More spent on disability support services in 2011–12
Spending on disability support services provided under the National Disability Agreement rose by 10% between 2010-11 and 2011-12, according to a report released today by the Australian Institute of Health and Welfare (AIHW).
The report, Disability support services: services provided under the National Disability Agreement 2011-12, provides information on spending on disability support services, changes in service use and the support needs of service users.
'It is important to have up to date information about people who use disability services as the disability policy and service delivery environment continues to evolve, for example, with the introduction of DisabilityCare Australia,' said AIHW spokesperson Dr Pamela Kinnear.
'Spending on disability support services has continued to rise-after adjusting for inflation, it grew to $6.9 billion in 2011-12, up 10% from 2010-11 and up 28% since 2007-08.'
The number of people using disability support services grew significantly (by almost 30%) over the five years between 2007-08 and 2011-12.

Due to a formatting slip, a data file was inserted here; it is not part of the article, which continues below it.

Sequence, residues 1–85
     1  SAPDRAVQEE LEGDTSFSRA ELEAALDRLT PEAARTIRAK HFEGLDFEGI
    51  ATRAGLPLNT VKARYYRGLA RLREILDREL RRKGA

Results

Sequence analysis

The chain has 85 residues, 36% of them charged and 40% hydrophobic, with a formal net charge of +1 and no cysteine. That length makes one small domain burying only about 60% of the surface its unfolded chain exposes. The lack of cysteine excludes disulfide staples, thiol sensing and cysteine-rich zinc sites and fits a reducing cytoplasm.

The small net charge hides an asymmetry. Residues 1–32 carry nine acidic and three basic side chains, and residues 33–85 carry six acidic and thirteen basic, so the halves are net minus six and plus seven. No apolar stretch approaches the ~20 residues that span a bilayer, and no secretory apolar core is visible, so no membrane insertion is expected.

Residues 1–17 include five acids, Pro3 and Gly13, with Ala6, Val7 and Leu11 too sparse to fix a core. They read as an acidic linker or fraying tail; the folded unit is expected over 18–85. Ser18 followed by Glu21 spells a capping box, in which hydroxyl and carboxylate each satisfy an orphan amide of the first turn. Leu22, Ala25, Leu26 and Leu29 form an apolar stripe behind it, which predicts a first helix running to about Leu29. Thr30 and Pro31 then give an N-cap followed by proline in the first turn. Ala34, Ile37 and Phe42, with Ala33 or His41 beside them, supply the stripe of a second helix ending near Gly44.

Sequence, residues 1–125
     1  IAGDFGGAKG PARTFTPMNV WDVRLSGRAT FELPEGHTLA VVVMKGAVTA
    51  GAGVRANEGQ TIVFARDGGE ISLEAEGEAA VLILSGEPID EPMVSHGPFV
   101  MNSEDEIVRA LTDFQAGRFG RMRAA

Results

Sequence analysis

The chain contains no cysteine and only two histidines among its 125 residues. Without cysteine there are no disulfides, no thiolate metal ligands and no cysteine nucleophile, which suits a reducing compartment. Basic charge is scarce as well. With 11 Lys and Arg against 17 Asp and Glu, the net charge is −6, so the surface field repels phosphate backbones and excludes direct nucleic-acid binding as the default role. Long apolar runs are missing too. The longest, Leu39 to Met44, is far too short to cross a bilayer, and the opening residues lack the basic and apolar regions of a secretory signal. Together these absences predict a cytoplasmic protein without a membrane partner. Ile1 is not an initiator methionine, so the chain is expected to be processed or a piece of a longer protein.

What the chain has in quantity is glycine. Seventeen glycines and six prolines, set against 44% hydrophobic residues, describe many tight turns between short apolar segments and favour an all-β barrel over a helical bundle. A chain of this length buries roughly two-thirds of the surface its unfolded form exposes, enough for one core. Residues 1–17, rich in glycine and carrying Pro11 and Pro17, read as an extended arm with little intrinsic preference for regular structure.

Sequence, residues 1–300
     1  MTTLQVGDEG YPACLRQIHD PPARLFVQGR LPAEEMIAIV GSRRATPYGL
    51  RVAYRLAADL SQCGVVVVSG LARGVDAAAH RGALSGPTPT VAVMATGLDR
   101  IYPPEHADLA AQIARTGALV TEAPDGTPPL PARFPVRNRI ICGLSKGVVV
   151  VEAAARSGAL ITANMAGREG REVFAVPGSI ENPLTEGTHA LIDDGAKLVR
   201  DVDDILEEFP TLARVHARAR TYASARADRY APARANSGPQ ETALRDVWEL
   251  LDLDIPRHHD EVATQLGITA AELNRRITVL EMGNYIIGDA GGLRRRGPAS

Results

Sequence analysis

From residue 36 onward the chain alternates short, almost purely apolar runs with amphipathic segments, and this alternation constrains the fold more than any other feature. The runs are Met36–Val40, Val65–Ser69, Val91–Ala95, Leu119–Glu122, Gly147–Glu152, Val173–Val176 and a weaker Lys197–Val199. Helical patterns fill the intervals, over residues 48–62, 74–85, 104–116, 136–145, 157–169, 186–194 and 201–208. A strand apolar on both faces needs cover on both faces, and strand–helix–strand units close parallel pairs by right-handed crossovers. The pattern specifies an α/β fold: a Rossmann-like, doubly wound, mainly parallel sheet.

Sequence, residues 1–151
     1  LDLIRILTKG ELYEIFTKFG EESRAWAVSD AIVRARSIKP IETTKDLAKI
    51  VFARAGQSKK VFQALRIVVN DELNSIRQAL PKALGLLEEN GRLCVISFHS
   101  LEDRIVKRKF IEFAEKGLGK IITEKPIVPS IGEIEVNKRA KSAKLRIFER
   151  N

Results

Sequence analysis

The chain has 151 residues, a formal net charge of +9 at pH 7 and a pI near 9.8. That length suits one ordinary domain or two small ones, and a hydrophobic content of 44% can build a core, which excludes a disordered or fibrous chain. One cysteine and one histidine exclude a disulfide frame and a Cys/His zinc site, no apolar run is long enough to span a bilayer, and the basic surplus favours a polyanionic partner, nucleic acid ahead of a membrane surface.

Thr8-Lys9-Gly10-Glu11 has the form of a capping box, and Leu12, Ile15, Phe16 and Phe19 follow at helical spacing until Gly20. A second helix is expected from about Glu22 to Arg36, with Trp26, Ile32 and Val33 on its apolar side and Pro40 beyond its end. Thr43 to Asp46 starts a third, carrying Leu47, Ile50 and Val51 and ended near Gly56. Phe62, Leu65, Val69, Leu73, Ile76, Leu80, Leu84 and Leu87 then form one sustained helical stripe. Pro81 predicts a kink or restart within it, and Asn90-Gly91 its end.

However, growth in the use of services slowed since 2010-11, with a small (1%) rise recorded between 2010-11 and 2011-12. This compares with a 7% rise between 2009-10 and 2010-11.
'This is reflected in the rate of service use, which remained steady between 2010-11 and 2011-12 at about 1 in 70 people, after rising each year up until that point (from 1 in 85 in 2007-08),' Dr Kinnear said.
There were some differences in the types of services used between 2010-11 and 2011-12.
'Notably, the use of accommodation support and community support services both fell by around 3%,' Dr Kinnear said.
'On the other hand, the use of community access and employment services both increased over that time, by 5% and 4% respectively.'
Among users of disability support services, the most commonly-reported disability groups continue to be intellectual (33%), physical (32%) and psychiatric (28%).
Most service users needed some assistance in the activities of daily living (52%), independent living (61%) and in work, education and community living (57%).
'Around a quarter of service users used more than one type of service,' Dr Kinnear said.
Disability support service users also received assistance from 133,841 informal carers, an increase of 5% from 127,777 service users with an informal carer in 2010-11.
The AIHW is a major national agency set up by the Australian Government to provide reliable, regular and relevant information and statistics on Australia's health and welfare.